In the end, Bordeaux-Johlfs strives to create a “count on me” culture that emphasizes respect, responsiveness and compassion. Through a combination of empirical data and heartfelt one-on-ones, this caring culture has led to consistently high customer reviews and employees who enjoy working at Silverado. “If you feel respected, trusted and valued, you will stay,” says Bordeaux-Johlfs.

Permanence in Paradise

The Kahala Hotel and Resort, located in Honolulu, Hawaii, has been around since 1964 and hosted every sitting United States President from Lyndon Johnson to Barack Obama. The spa prides itself on the dedication and commitment of its staff, a great number of whom have worked for the spa for well over a decade.

“We have a culture that is totally devoted to our employees and the long-term health of the spa,” states Gloria ah Sam, director of spa and wellness. ah Sam attributes this strong, permanent company culture to three key factors: a culture of recognition, meaningful perks and effective communication.

Every month, Kahala hotel and resort hosts a “Legendary Service Luncheon” for exemplary staff members in both the front and back of house. Staff members are nominated by other staff members or managers; then, the resort’s executive committee chooses the two winners, who are recognized at a “beautiful three-course luncheon” in one of the resort’s ballrooms. at the end of the year, all 24 winners are reevaluated by the executive committee, which then choses the employee who most exemplified the spa’s culture of caring, dedication and cooperation. Last year, the overall winner was flown on a one-week trip to a sister property in Japan, says ah Sam. This type of recognition incentivizes employees to go above and beyond to serve customers; and, because a positive attitude is infectious, the entire staff is lifted up.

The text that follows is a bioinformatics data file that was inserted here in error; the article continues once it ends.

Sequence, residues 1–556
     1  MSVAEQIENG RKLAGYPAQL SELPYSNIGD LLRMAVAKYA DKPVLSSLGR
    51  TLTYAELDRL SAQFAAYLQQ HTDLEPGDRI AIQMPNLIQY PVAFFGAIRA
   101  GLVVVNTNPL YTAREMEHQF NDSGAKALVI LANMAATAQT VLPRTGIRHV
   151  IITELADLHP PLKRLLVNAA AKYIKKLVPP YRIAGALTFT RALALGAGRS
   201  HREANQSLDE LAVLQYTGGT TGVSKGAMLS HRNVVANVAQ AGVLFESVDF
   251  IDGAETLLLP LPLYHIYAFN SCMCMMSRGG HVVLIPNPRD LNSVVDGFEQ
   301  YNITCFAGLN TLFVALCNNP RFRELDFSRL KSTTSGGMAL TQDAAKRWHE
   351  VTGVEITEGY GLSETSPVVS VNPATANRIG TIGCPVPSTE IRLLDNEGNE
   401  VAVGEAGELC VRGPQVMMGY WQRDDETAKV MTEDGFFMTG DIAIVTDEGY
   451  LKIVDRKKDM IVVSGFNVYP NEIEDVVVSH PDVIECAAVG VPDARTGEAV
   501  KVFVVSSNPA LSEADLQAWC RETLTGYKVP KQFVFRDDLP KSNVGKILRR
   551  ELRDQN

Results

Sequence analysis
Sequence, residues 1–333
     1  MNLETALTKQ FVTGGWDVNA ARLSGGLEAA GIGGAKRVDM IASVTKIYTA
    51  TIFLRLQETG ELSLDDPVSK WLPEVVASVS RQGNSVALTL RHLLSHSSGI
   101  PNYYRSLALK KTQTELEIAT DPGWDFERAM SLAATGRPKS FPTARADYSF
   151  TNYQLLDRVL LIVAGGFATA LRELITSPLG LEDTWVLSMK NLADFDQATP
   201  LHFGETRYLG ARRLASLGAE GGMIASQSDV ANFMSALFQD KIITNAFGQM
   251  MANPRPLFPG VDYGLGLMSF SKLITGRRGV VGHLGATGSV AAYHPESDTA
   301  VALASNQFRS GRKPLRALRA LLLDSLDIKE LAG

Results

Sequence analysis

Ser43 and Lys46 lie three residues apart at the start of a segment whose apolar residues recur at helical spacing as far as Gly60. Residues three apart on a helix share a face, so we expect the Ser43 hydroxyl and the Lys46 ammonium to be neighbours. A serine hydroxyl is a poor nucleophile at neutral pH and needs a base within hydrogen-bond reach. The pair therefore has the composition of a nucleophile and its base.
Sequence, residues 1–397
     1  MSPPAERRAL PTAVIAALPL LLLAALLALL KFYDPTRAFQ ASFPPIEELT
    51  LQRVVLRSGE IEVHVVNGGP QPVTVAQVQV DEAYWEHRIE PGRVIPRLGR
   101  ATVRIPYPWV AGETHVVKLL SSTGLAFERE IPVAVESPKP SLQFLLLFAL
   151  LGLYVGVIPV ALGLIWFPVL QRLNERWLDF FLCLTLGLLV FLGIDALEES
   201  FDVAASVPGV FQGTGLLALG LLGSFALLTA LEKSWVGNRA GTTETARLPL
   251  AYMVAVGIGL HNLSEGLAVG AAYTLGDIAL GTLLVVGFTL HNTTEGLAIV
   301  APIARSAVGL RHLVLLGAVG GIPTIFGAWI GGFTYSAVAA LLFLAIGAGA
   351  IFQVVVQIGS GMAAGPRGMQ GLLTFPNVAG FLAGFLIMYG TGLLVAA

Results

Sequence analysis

The spa’s culture of good-natured giving is cemented by the frequent volunteer opportunities for staff, who participate in beach cleanups together. additionally, spa staffers walk together in a yearly charity walk to raise money for travelers in distress. “There’s a lot of camaraderie,” according to ah Sam, which improves retention. Staff who stay for years and years develop strong bonds with recurring customers, which then leads to exceptional service: “we have therapists who will come in on a day off to provide a service for a guest that they know from prior visits,” ah Sam says. in that way, Kahala’s strong company culture is directly linked to a world-class guest experience.

The Kahala also offers a number of benefits and perks to employees, including complimentary meals for staff— a benefit that the vast majority of employees take advantage of, according to ah Sam. The company also pays for its employees’ health insurance premiums. although perks like these may not be feasible for every spa, the core idea is widely applicable: thinking outside the box to reward your employees creates a happier, more positive culture in the spa.

Lastly, ah Sam notes that “good communication is absolutely key to a good culture,” especially when it reinforces other unique aspects of the spa’s culture. for example, ah Sam strives for the spa to have a “local Hawaiian” culture and attitude; appropriately, each weekly employee newsletter features a cultural hawaiian phrase, picked out by the resort’s cultural advisor, that employees are encourage to learn, understand and use to guide their workplace attitude.